April 14, 2014
“West Coast”: Lana Del Rey’s Psychedelic ‘Ultraviolence’ Evolution Begins
It’s finally here, you little bitch.
It’s been just over two years since the release of Born To Die — the best album of 2012, and one of the true standout records of the past five years — followed by the equally masterful Paradise re-edition later that year. In between records, Lana’s won new fans with her soundtrack contributions — first with The Great Gatsby‘s Oscar-worthy (yet rudely snubbed) “Young & Beautiful,” followed by her haunting Maleficent theme, “Once Upon A Dream.”
And now, Lana Del Rey has returned to cruise down the coast with us once again on “West Coast,” the hypnotic lead single off of Ultraviolence — a follow-up record still very much enshrouded in mystery.
“West Coast” sees Lana stepping away from the orchestral pop flair of the Born To Die era and wandering into much more experimental territory. Trading out the soaring, heaven-sent strings and Emile Haynie‘s hip-hop swagger that characterized her debut, the subversive track plays less like the opulence of The Great Gatsby and more like, well, Beyond the Valley of the Dolls.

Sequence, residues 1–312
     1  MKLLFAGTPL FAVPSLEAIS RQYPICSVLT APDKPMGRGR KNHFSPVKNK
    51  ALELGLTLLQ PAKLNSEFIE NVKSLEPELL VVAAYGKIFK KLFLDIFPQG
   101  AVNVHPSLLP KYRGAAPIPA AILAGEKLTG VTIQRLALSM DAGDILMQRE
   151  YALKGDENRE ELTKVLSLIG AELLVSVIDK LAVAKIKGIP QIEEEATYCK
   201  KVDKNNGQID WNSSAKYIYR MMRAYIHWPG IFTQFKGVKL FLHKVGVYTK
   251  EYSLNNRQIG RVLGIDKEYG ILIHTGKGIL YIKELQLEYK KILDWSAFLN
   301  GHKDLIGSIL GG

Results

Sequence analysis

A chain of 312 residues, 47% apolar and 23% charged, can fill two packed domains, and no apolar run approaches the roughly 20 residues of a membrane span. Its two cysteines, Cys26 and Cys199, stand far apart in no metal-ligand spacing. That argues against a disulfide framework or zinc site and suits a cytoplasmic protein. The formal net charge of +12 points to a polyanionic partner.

“Down on the west coast, they got a sayin’/If you’re not drinking, then you’re not playing/But you got the music in you, don’t you?” Lana seductively purrs.
Co-penned by longtime collaborator Rick Nowels, the track was produced in Nashville by The Black Keys‘ Dan Auerbach. There are still some familiar Lana Del Elements included — those plucks of surf guitar, the haunting background coos, the evocative lyrics (the Queen of Saigon gets another reference) — but for the most part, this is a fairly bold evolution in sound: The tempo shifts frequently, the instrumentation is jagged, and Lana’s voice skips between breathy franticness and slurred, drugged-out ecstasy. “On the balcony and I’m singing/Ooh baby ooh, I’m in love,” she sighs, conjuring just the slightest shade of Stevie Nicks‘s “Edge of Seventeen.”
If Lana wasn’t getting played on Top 40 format with Born To Die (aside from a few EDM remixes), she certainly won’t be played with this spooky, sparse summer jam session — the very antithesis of everything radio in 2014. But then, that’s never really been Lana’s mission, has it?
“West Coast” sounds entirely different from anything that’s being offered in pop music at the moment — it’s revolutionary, really.
Let the Ultraviolence era begin.
“West Coast” was released on April 14. (iTunes)